So, why then do we consider some musicians more authentic than others? Why does an Elliott Smith or a Bob Dylan come across as more authentic than a Lady Gaga or a Celine Dione? Does it have to do with the nature of their music, with Smith and Dylan writing songs that are more direct and often more literary than their poppier counterparts? Is it that they often write the songs themselves? Or that singers like Dione and Lady Gaga have an army of producers and engineers crafting their music, whereas a guy like Elliott Smith did it almost entirely by himself?

It’s difficult to say. I think it has a lot to do with verisimilitude. An Elliott Smith song feels real, feels lived in, and that lends it its air of authenticity. The songs feel believable, whereas Celine Dione’s “I Will Always Love You” just feels like it’s all soaring high notes and doesn’t necessarily carry the same weight of truth to it (or truthiness, even). Promising to always love some unnamed figure up on a pedestal feels artificial to us, even if you happen to love the song, while a stark ballad like Dylan’s “Hollis Brown” feels very human. It seems like something that could happen, and that is what gives the song the authenticity.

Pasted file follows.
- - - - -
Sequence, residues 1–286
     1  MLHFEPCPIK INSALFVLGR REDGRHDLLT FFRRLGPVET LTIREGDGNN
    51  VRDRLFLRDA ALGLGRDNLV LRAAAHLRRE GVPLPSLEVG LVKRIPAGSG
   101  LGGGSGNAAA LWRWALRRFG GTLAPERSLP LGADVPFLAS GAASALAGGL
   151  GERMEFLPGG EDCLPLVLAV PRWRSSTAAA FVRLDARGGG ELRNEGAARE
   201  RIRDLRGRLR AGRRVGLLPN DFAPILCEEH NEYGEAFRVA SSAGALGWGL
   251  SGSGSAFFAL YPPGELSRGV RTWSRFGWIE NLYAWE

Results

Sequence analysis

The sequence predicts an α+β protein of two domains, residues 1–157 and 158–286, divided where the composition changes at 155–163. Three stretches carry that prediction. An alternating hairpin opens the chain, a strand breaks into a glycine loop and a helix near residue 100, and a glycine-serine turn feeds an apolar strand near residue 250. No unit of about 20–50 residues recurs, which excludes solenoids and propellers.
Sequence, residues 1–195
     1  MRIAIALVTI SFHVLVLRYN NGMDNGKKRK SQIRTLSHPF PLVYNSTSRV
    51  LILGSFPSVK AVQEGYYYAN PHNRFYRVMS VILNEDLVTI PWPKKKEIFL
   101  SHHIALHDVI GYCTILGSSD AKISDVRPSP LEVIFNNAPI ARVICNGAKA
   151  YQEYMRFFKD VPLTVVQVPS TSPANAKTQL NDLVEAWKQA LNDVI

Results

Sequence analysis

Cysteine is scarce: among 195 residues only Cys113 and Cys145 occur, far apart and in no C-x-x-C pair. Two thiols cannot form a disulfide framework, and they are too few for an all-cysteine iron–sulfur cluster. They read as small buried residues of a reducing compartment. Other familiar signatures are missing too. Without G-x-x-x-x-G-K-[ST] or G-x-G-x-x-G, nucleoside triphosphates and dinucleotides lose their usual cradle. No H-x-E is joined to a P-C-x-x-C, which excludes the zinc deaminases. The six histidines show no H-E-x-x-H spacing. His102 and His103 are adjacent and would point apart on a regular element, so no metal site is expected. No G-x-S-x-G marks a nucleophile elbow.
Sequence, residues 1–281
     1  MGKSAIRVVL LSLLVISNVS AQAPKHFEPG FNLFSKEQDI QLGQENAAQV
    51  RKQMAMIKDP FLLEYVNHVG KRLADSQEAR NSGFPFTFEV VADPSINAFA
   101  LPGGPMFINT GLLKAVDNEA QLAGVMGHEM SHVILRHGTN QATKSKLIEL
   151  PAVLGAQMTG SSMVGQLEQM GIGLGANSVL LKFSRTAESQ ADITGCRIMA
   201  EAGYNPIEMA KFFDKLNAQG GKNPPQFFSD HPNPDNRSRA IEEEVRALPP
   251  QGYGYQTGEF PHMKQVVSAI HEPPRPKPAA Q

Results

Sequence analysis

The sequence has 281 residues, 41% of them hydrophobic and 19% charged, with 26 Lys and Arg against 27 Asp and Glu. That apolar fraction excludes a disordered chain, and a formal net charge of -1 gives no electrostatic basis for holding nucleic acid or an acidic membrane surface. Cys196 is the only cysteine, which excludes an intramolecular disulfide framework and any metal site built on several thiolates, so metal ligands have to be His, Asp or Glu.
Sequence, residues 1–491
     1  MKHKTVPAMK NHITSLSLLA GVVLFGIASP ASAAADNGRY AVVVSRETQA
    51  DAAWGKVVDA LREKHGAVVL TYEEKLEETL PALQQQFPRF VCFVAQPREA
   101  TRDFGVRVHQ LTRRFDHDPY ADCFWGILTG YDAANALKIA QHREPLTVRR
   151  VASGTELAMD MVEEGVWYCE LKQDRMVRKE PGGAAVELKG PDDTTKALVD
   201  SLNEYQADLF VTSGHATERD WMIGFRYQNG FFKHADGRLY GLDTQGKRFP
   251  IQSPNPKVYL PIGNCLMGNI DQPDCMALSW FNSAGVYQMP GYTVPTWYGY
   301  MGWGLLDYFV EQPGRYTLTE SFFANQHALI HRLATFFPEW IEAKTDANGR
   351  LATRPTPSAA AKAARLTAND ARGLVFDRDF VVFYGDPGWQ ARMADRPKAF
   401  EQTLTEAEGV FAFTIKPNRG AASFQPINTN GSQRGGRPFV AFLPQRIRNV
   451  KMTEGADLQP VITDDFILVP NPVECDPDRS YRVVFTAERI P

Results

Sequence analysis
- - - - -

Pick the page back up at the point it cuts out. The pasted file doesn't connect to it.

All music is artifice. When I was younger, I dismissed music from the ’80s as being “style over substance,” and felt pretty smug in my assessment. While I still don’t particularly care for ’80s music today, I can see how false the dichotomy I’d created was: there’s no song that hasn’t taken style into consideration, even if the decision is a lo-fi Mountain Goats “single voice and guitar recorded straight into a boombox” style. “Substance” is a pretty ephemeral thing, really, and it’s absolutely possible to craft a catchy, poppy song that has tremendous substance.